Mindfulness and Hypnosis are Very Different

Mindfulness and Hypnosis are Very Different


By John M. de Castro, Ph.D.


“Mindfulness meditation has already achieved a level of credibility, popularity and acceptance by public and professional communities that the fields of hetero-hypnosis and self-hypnosis can currently only hope to aspire towards.” – Adam Eason


On the surface there would appear to be similarities between hypnosis and mindfulness practice. Each involves focused attention, harness concentration, and induce relaxation. The two procedures have been used for the same problems, pain, stress, anxiety, and depression. It is possible, then, that hypnosis and mindfulness share similar mechanisms and effects. Unfortunately, there have not been direct comparisons. In addition, little is known about the relationship between individuals’ hypnotizability, the ease with which they enter into a hypnotic state, and their mindfulness. If there is great overlap between the two practices, then it would be expected that hypnotizability and mindfulness would be highly related.


In today’s Research News article “The Association Between Mindfulness and Hypnotizability: Clinical and Theoretical Implications.” (See summary below or view the full text of the study at: https://www.ncbi.nlm.nih.gov/pmc/articles/PMC6263151/ ), Grover and colleagues examined the relationship between hypnotizability and mindfulness. They recruited military veterans with chronic pain conditions and asked them to complete paper and pencil measures of mindfulness, hypnotizability, and pain. Regression analysis was then performed to ascertain the relationships between the variables.


They found that the relationships between hypnotizability and mindfulness, including the 5 facets of mindfulness were very weak. Only in the cases of the observe and non-reacting facets of mindfulness were there very small, albeit significant, negative relationships with hypnotizability, such that the higher the levels of these two mindfulness facets the lower the levels of hypnotizability.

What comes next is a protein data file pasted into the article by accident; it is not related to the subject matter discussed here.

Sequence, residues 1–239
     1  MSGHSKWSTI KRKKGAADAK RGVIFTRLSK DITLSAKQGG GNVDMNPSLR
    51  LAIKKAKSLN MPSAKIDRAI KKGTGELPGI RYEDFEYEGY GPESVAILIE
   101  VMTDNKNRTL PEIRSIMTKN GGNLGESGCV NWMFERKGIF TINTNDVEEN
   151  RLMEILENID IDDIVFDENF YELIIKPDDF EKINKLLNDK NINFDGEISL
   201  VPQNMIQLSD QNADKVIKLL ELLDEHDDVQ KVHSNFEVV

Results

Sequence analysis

The study is correlational, so no conclusions regarding causation are warranted. In addition, the sample of military veterans with chronic pain conditions is not representative of the general population. So, it is unknown if similar results would be found in other groups. Nevertheless, the results are clear that in this sample there are little, if any, relationships between hypnotizability and mindfulness. This suggests that the two are unrelated. As such, they probably do not share similar mechanisms. This further suggests that since they are unrelated, they may supplement each others’ benefits. Future research will be necessary to test this notion.


So, it appears that mindfulness and hypnosis are very different.


Mindfulness and Hypnosis? They are different — and they are not.” – Rick Miller


CMCS – Center for Mindfulness and Contemplative Studies


This and other Contemplative Studies posts also available on Google+ https://plus.google.com/106784388191201299496/posts and on Twitter @MindfulResearch


Study Summary


Grover, M. P., Jensen, M. P., Patterson, D. R., Gertz, K. J., & Day, M. A. (2018). The Association Between Mindfulness and Hypnotizability: Clinical and Theoretical Implications. The American journal of clinical hypnosis, 61(1), 4-17.



Mindfulness-based interventions and hypnosis are efficacious treatments for addressing a large number of psychological and physical conditions, including chronic pain. However, there continues to be debate surrounding the relative uniqueness of the theorized mechanisms of these treatments – reflected by measures of mindfulness facets and hypnotizability – with some concern that there may be so much overlap as to make the mechanism constructs (and therefore the respective interventions) redundant. Given these considerations, the primary aim of the current study was to examine the degree of unique versus shared variance between two common measures of mindfulness facets and hypnotizability: the Five Facet Mindfulness Questionnaire (FFMQ) and the Stanford Hypnotic Clinical Scale (SHCS). A cross-sectional survey was conducted with a sample of N=154 Veterans with heterogeneous chronic pain conditions. Bivariate Pearson correlations were used to examine the associations between the target scales. Results showed that the correlations between the FFMQ scales and SHCS total score were uniformly weak, although significant negative correlations were found between mindfulness facets of observe and non-react with hypnotizability (ps < .05). Thus, not only are the mindfulness and hypnotizability constructs unique, but when significantly associated, hypnotic suggestibility corresponds with a tendency to be less mindful. These findings have important implications for future research aimed towards matching patients to the treatment most likely to be of benefit, and suggest that matching patients on the basis of these theoretically derived “unique” moderators may hold potential.



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